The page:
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Water and ion channels : crucial in the initiation and progression of apoptosis in central nervous system?

journal contribution
posted on 2008-06-01, 00:00 authored by M Chen, S Sepramaniam, A Armugam, M Choy, J Manikandan, A Melendez, K Jeyaseelan, Steve Cheung
Programmed cell death (PCD), is a highly regulated and sophisticated cellular mechanism that commits cell to isolated death fate. PCD has been implicated in the pathogenesis of numerous neurodegenerative disorders. Countless molecular events underlie this phenomenon, with each playing a crucial role in death commitment. A precedent event, apoptotic volume decrease (AVD), is ubiquitously observed in various forms of PCD induced by different cellular insults. Under physiological conditions, cells when subjected to osmotic fluctuations will undergo regulatory volume increase/decrease (RVI/RVD) to achieve homeostatic balance with neurons in the brain being additionally protected by the blood-brain-barrier. However, during AVD following apoptotic trigger, cell undergoes anistonic shrinkage that involves the loss of water and ions, particularly monovalent ions e.g. K+, Na+ and Cl-. It is worthwhile to concentrate on the molecular implications underlying the loss of these cellular components which posed to be significant and crucial in the successful propagation of the apoptotic signals. Microarray and real-time PCR analyses demonstrated several ion and water channel genes are regulated upon the onset of lactacystin (a proteosomal inhibitor)-mediated apoptosis. A time course study revealed that gene expressions of water and ion channels are being modulated just prior to apoptosis, some of which are aquaporin 4 and 9, potassium channels and chloride channels. In this review, we shall looked into the molecular protein machineries involved in the execution of AVD in the central nervous system (CNS), and focus on the significance of movements of each cellular component in affecting PCD commitment, thus provide some pharmacological advantages in the global apoptotic cell death.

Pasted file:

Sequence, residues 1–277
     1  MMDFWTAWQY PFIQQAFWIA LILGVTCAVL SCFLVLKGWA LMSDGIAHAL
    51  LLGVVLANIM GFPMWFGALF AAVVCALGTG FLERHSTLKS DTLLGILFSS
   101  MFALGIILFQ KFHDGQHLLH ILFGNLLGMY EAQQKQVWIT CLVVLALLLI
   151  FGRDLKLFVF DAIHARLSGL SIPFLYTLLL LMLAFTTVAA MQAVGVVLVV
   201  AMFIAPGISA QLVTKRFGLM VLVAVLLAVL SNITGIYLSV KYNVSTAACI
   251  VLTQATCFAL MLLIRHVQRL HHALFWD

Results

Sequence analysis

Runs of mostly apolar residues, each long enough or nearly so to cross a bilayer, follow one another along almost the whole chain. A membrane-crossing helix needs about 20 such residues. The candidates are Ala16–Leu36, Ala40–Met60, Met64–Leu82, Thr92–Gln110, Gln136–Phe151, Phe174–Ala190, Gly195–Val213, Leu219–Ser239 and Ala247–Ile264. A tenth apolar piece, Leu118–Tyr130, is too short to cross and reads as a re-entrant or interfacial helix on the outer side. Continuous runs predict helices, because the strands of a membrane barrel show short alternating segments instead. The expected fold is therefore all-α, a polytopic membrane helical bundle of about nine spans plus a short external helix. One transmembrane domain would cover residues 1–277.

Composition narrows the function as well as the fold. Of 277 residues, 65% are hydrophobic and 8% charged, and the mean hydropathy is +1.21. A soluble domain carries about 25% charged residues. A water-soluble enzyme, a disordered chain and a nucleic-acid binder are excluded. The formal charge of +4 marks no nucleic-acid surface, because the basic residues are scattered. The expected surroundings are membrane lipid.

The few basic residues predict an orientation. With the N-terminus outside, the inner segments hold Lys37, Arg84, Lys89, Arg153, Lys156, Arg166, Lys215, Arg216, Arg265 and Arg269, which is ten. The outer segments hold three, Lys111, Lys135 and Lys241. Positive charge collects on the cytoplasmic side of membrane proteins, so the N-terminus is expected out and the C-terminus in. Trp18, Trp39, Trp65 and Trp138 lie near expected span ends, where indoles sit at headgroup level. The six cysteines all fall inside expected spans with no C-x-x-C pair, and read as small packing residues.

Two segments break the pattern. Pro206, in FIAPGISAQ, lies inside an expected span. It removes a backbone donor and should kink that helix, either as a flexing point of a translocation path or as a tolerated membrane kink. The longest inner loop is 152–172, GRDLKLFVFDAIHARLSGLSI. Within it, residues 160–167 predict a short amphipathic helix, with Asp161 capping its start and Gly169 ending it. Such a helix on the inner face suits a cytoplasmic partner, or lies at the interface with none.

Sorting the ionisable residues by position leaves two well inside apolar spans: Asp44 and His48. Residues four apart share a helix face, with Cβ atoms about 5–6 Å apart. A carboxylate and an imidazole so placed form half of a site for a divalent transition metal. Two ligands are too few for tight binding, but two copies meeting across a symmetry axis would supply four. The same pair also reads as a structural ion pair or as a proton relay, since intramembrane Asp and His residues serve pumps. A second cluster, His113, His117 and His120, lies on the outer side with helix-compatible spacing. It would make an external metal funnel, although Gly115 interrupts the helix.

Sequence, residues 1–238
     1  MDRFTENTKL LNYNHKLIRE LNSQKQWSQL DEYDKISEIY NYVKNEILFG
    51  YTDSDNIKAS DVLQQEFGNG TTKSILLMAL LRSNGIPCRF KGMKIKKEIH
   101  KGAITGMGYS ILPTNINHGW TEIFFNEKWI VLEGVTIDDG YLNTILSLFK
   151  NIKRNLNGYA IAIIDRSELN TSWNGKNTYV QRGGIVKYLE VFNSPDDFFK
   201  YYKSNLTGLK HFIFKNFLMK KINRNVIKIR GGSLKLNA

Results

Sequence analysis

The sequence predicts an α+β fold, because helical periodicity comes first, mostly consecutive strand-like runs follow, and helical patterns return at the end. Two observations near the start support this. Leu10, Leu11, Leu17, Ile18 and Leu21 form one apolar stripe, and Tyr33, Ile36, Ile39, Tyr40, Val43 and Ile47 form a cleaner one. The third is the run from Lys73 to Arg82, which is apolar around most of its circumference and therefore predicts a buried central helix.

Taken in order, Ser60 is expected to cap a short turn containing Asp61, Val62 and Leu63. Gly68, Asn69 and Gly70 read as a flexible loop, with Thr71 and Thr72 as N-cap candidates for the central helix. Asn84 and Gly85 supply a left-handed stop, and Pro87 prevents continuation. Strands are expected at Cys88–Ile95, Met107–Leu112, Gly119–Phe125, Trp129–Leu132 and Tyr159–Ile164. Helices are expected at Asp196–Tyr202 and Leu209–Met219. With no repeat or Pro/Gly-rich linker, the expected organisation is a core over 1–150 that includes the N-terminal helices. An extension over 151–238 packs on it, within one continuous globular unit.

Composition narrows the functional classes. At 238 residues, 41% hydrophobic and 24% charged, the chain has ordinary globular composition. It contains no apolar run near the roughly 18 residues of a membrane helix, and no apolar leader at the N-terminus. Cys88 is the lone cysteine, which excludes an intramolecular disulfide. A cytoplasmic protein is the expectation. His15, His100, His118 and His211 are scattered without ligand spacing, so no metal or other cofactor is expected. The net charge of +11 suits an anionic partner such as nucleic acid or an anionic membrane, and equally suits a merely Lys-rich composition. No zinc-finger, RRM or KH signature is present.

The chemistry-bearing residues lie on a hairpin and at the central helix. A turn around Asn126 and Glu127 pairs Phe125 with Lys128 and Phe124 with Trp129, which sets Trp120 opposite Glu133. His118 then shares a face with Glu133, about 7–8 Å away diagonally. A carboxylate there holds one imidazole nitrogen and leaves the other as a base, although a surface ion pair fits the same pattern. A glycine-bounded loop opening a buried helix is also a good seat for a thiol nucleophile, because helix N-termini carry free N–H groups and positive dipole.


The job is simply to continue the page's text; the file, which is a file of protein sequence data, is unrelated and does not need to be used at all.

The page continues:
Current neuropharmacology






102 - 116


Bentham Science Publishers Ltd.


Bussum, Netherlands





Publication classification

C1.1 Refereed article in a scholarly journal

Copyright notice

2008, Bentham Science Publishers Ltd.

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